In 1960 Dodge Trucks ran an ad campaign that was very forward-looking. Smart, colourful, stylized illustrations were featured in a series of magazine ads (and for related brochures and catalogues) positioning Dodge trucks in a distinctive, contemporary light.
Kudos to the art director who sold the client on this approach - and to Dodge for going out on a limb by agreeing to such a unique presentation of their product line! This must surely have been a risky decision.
Charles Wysocki, a first generation American of Polish heritage, was born in Detroit in 1928. He describes the early years in Detroit as "tough times
" and says, "I didn't have a perfect childhood. Nobody does because it's not a perfect world. I did have a wonderful childhood because I made it a wonderful world.
The community that Charles grew up in consisted mostly of immigrants who took great pride and pleasure in celebrating the traditions of their new homeland. These joyous opportunities and celebrations offered by American freedom became the theme of what Charles would remember and portray in his artwork.
Wysocki's father wanted Charles to become a mathematician. Charles graduated from Technical High School in 1946. He enlisted in the Army and did duty as a sign painter. In 1954, Wysocki enrolled through the GI Bill, at The Art Center School of Design in Los Angeles. He began a career as a commercial artist in Detroit. He soon abandoned it for the more independent life of freelancing. Returning to California, he married and established his home there.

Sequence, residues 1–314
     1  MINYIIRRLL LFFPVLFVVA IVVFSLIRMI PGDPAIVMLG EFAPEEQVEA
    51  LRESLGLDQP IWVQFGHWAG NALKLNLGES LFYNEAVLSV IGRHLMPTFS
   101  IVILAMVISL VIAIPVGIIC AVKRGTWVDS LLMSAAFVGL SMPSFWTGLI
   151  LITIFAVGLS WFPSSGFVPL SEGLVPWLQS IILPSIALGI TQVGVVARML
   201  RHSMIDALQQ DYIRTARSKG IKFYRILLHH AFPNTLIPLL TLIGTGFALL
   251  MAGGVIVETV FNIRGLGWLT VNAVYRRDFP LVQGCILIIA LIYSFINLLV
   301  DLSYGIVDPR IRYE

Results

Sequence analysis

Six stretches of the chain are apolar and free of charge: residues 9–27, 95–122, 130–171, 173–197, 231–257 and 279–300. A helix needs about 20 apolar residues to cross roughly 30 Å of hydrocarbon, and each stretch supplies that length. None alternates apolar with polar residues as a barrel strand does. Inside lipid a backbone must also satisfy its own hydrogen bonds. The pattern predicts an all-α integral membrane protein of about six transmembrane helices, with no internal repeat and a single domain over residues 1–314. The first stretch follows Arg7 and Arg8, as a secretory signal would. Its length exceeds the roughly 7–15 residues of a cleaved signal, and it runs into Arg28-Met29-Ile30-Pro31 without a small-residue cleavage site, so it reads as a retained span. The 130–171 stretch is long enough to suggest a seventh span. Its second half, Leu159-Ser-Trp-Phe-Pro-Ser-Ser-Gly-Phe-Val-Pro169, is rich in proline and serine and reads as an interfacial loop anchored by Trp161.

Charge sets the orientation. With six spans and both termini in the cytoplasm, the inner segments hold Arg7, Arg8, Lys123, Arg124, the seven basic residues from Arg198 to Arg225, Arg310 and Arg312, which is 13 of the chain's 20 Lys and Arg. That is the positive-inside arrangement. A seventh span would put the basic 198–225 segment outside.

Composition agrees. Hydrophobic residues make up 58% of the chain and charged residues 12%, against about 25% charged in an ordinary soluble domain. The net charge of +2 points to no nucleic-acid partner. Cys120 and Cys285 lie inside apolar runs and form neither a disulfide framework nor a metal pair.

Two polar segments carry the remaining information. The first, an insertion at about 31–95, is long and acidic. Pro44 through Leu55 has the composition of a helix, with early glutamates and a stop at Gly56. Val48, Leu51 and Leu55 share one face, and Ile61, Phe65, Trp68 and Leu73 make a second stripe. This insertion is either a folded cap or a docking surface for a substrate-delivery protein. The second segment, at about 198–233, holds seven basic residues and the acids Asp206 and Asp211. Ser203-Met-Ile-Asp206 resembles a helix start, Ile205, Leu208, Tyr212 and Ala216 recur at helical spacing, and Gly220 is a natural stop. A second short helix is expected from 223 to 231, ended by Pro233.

When Wysocki was a commercial artist, he longed for a more creative outlet. In 1960, on a family vacation to New England, his wife, Elizabeth, urged him to pursue a career in fine art. With his wife's steady encouragement Wysocki started painting. He took some of his work to a gallery and was offered a one-man show. Within a month, all of the 40 paintings sold.
Wysocki has been designing and painting an award winning annual Americana calendar since 1971. He contributed his painting. The White House Fourth of July Picnic
, to the presidential art collection in 1983 during the presidency of Ronald Reagan. In 1987, he was awarded the Medal of Honor from The Daughters of the American Revolution for artwork that "exemplifies our heritage and for the values that have made our country strong.
" The Richard Nixon Library's exhibit of Wysocki's work in 1991 drew thousands of visitors. Included in this display was his commissioned piece, "The Young Nixons
", and his open edition print, "Home Sweet Home
has named Charles Wysocki one of the ten most influential artists since he first entered the print market in 1979 (March, 1999). US Art
also named him, Master Artist, (January, 1999) and was placed amongst America's Top 25 Best-Selling Artists by Decor, June, 2002.
Charles Wysocki passed away July 29th, 2002. Wysocki has two published books, "An American Celebration
" and "Heartland